A few months before his death, Panditji came to Bombay to attend the AICC session. An uncle took us in his car to the roads behind Santa Cruz airport, and we got a glimpse of Panditji as he drove past in a closed car almost slumped in the back seat. He was in no physical frame to stand in an open car wave to the crowds as the Prince had done in the past. In fact, that day, there were no crowds.

The day he died stands out in my memory because till then one never thought of another leader of that stature to lead India. Though since 1962 his credibility had whittled down, he was still the uncrowned King. In spite of all that is leveled against him these days, I think we are still a democracy because of his efforts. I see him as the maker of modern India. And what a handsome looking man!


© Raja Ramanathan. Published July 2019.


Nehru - As I Remember


Chandra Chari has a Masters in Ancient Indian History from Delhi University. She is currently the co-editor of The Book Review (est. 1976) and Chairperson of The Book Review Literary Trust.  For more details regarding publications, please visit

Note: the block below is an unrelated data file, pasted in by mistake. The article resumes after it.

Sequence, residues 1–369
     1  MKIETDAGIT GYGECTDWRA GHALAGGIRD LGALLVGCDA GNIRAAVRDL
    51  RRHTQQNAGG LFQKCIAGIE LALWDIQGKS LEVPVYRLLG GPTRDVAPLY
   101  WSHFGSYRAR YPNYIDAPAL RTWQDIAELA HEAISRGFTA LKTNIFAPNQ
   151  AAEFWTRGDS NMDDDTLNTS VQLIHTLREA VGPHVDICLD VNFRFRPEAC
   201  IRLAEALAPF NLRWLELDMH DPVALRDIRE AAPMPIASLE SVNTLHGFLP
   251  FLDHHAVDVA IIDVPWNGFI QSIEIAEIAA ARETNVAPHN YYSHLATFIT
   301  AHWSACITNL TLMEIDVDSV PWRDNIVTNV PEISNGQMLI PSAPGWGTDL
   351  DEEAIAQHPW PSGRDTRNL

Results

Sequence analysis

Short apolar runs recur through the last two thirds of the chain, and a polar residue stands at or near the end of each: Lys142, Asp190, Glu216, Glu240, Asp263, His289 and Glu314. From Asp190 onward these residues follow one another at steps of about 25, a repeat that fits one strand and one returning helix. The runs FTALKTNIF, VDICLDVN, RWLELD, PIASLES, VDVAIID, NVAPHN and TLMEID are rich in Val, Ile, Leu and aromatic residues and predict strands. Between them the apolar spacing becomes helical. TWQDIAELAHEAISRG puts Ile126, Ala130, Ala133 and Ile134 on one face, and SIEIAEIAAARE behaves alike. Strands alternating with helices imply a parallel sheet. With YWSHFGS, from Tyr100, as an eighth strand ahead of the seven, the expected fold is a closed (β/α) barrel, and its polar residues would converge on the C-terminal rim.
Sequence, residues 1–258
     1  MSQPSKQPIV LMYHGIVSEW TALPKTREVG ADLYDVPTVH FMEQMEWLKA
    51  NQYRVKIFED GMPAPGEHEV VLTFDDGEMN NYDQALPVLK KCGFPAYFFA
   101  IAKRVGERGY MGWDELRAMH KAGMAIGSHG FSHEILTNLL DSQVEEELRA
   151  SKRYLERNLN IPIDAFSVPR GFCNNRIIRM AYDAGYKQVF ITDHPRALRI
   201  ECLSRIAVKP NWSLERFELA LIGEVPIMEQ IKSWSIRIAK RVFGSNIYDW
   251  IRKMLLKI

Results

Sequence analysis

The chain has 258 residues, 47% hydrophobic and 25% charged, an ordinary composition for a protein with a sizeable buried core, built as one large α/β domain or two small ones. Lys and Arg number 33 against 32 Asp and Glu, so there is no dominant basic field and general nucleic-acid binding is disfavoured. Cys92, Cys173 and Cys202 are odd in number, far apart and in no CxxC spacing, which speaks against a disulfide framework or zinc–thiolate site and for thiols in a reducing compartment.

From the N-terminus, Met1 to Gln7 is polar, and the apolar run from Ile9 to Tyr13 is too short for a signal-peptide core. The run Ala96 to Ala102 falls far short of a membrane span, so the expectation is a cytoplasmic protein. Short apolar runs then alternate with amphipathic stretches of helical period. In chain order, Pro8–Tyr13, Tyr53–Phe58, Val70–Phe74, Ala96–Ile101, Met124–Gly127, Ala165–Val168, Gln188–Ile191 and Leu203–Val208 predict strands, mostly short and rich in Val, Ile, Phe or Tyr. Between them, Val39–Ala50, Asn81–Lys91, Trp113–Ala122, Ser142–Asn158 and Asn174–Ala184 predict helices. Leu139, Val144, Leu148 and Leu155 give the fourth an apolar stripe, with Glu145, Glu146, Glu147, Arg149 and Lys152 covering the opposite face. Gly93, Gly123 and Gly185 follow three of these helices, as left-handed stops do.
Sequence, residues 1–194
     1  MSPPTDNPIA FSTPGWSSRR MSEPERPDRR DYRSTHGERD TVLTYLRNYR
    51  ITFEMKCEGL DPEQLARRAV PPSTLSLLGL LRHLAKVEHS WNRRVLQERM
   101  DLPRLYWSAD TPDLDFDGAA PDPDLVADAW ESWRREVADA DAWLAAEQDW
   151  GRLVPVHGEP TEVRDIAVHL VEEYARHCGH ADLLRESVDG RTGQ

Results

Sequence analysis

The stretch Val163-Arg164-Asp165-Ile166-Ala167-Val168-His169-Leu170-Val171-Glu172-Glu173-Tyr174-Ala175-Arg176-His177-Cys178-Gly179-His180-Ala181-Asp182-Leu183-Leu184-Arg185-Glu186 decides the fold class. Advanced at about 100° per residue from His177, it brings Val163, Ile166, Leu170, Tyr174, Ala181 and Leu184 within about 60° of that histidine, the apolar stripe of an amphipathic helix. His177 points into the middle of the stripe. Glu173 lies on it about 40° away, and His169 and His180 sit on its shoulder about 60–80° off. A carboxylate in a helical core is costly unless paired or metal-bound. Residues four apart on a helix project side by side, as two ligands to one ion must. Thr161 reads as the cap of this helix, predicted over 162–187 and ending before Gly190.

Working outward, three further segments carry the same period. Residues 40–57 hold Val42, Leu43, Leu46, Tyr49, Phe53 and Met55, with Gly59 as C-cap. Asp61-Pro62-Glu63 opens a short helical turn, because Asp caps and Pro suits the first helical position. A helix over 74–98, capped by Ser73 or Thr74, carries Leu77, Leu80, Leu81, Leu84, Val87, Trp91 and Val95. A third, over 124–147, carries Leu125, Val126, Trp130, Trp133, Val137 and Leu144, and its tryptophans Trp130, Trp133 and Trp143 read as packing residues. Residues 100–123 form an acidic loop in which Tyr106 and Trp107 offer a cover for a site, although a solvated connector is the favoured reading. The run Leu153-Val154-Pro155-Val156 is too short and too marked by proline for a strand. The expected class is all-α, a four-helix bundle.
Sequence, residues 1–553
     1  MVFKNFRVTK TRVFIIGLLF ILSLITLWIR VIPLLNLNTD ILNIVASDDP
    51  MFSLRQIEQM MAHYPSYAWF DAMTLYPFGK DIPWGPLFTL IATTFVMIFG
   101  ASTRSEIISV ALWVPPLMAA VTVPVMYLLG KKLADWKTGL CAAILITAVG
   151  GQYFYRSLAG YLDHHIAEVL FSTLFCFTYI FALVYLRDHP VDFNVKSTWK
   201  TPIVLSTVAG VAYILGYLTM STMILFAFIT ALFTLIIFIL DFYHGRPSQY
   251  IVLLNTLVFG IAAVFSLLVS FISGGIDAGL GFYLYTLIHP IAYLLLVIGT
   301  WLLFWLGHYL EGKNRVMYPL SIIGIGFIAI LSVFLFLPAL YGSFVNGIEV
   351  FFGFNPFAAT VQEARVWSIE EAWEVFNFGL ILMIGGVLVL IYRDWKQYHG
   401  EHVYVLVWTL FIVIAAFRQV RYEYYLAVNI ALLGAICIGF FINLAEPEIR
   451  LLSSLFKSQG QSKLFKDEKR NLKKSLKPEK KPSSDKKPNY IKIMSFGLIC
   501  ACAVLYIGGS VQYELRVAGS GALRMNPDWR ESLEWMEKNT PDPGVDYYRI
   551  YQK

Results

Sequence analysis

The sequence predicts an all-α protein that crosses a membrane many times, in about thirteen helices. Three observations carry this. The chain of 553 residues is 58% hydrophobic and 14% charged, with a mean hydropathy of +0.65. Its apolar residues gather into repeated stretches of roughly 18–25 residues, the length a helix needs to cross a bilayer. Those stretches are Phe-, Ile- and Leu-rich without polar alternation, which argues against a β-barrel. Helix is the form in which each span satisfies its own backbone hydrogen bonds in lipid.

27 May 1964. I was in Bhopal with my parents and siblings, visiting my uncle. It was a beautiful day with a cool breeze blowing in. This was a time when Bhopal was still a hill station when coolers and air-conditioners were not thought of, much less needed, even at the height of summer, while most of India sweltered. The news of Panditji's death came in the afternoon on the radio in pre-television India. Fifty-five years later, the feeling of unbearable loss is still as fresh as it was on that summer afternoon. India was bereft. This may seem strange at a time when every pin-bowling individual who claims to comment on the past feels free to take pot-shots at a man who was the true maker of modern India.

As we sat listening, with tears barely concealed, to the commentary on the radio of what was happening in Teen Murti House, memories jostled with one another of what Panditji meant to a generation which had grown to adulthood under the leadership of his larger than life persona. The 1950s  were years of idealism, and Nehru with his speeches calling out to the masses played no small role in imbuing the country with that idealism. I remember mass contact tours by ministers with bureaucrats, roads, schools and health care centres coming up with not merely government aid but people's willing contributions. Nehru's clarion call was answered by the people of India with overwhelming love, of which Nehru never failed to speak.